GORDON KAMARA, Liberian Ambulance Nurse: My name is Gordon Kamara. I’m an ambulance nurse.

From March until now, I have been fighting these Ebola cases. Our job is to save the people.

In the morning, we start very fresh. Today is going to be a very busy day, getting — detecting cases from Westpoint. I have assessed cases in Johnsonville, another five cases in Benton. Three cases in Kaba. The calls just keep coming. The calls just keep coming.

There are patients all over. The first thing I do, I give them courage. I tell them, “Don’t be afraid.”  They feel fear. I see it in their eyes. I’m tired of seeing people getting sick. I don’t rest, even when I go to bed. Sometimes, I see them in my dreams.

We have only three treatment centers in Monrovia. It is insufficient.

I feel hopeless.

Sometimes, when I sit down and think about it, I think, “Wow, that could be me.

Any little mistake you make, you’re going to be down with the virus.

Every morning, I pray. I pray that one day Ebola will go.

There is no space. The doctor, he can’t take the people because he’s supposed to admit 50 persons, and now he got 85 in there. He’s overloaded.

She’s very critical. She’s vomiting. She’s weak. If she doesn’t go in, she won’t live.

There is no hope here.

Ebola will last for long. In the next three to four months, the Ebola will be worse. I wish I could do more, but it’s not easy.

GWEN IFILL: The girl who we saw in that piece, who was 17 years old, died at home the next day.

 

The post Ambulance nurse confronts death and desperation in the heart of the Ebola epidemic appeared first on PBS NewsHour.

Small group of specialty drugs could make up half of total pharmacy spending by 2018

Specialty
         medications, which include high-cost drugs that require extra care, are dramatically increasing in cost. Photo by Flickr user
         e-Magine Art

Specialty medications, which include high-cost drugs that require extra care, are dramatically increasing in cost. Photo by Flickr user e-Magine Art

Some patients are paying sky-high prices for ‘specialty medications’ when cheaper options exist, a team of researchers has found.

A specialty medication is defined by Medicare as any drug that costs more than $600 a month. Such drugs typically require special handling like refrigeration or additional supplies like syringes. They represent only a fraction of prescriptions filled, but by 2018, are expected to account for half of total annual pharmacy spending, or $235 billion, according to a study published in the October issue of Health Affairs.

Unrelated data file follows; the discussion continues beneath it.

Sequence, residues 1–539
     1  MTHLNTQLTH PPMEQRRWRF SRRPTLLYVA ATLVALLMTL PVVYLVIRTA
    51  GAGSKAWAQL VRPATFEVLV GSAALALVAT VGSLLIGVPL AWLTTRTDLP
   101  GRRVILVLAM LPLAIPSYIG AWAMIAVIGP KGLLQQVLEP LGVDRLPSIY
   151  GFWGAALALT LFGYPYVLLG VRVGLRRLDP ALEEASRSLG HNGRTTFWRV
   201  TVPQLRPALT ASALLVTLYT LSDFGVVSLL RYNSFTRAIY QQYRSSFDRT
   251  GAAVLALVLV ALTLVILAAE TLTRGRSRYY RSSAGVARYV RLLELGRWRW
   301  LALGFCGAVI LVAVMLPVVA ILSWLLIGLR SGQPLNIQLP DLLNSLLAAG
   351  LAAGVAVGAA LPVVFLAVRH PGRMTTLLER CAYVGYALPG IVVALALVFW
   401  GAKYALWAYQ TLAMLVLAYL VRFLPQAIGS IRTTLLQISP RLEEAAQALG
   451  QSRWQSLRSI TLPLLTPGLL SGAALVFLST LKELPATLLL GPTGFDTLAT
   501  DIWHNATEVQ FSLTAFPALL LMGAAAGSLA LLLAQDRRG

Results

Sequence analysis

Though specialty medications are used by only 3.6 percent of the commercial population, rising costs of these drugs accounted for a 3.2 percent increase in total prescription drug spending in 2013. That’s $329.2 billion according to a report by the IMS Institute for Healthcare Informatics.

Several factors contribute to the soaring costs.Health Affairs

There’s the simple issue of supply and demand. Huge dollar amounts go into developing drugs that, in the case of rare diseases, few patients buy.

Another obstacle is that generic alternatives for these drugs are typically unavailable. Unlike more popular drugs, there’s no regulatory or scientific pathway for specialty medications to become generics. The Hatch-Waxman Act, which became a law in 1984, paved the way for generics to be manufactured, a move that led to “astronomical” savings, according to Dr. Alan M. Lotvin, the executive vice president for specialty pharmacy at CVS Caremark and lead author of the Health Affairs report. The legislation required that a generic drug be “bioequivalent” to the original. In other words, the active ingredient in the generic version must be absorbed at the same rate and extent as the original drug. But specialty medications are often too complex to be replicated under these requirements.

Plus, the price is set by manufacturers, Lotvin said. “To put it simply, the expansion of Medicaid and the 340b program make it harder for manufacturers to raise prices once they’re on the market. So the economically rational approach is to start off at a higher price.”

Lotvin’s team found that specialty drugs are not always the only or even the best choice. In other words, some patients may disproportionately shoulder a hefty burden of drug costs when a cheaper option may work just as well.

So how can a patient navigate the choices available? Here are some tips from Lotvin.

  • Check whether the drugs are being sold in-house. Doctors choose drugs based on their assessment of the care needed for the patient, but if there are two equivalent drugs, the doctor has an incentive to prefer those where they both purchase and administer the product, Lotvin said.
  • With some specialty drugs, doctors are required to fill out extra medical details about the patient — details on the diagnosis or other drugs the patient is taking, for example — before insurance will cover the drug. The process is known as prior authorization, or prior approval. This is a good thing, Lotvin said. Prior authorization adds another quality check to the prescribing process.
  • Finally, a specialty drug is typically less expensive when administered at home or in a doctor’s office rather than in a hospital.

“Administering a specialty medication is usually less expensive outside of the outpatient hospital setting — at a physician’s office or a home setting,” he said.

The post Small group of specialty drugs could make up half of total pharmacy spending by 2018 appeared first on PBS NewsHour.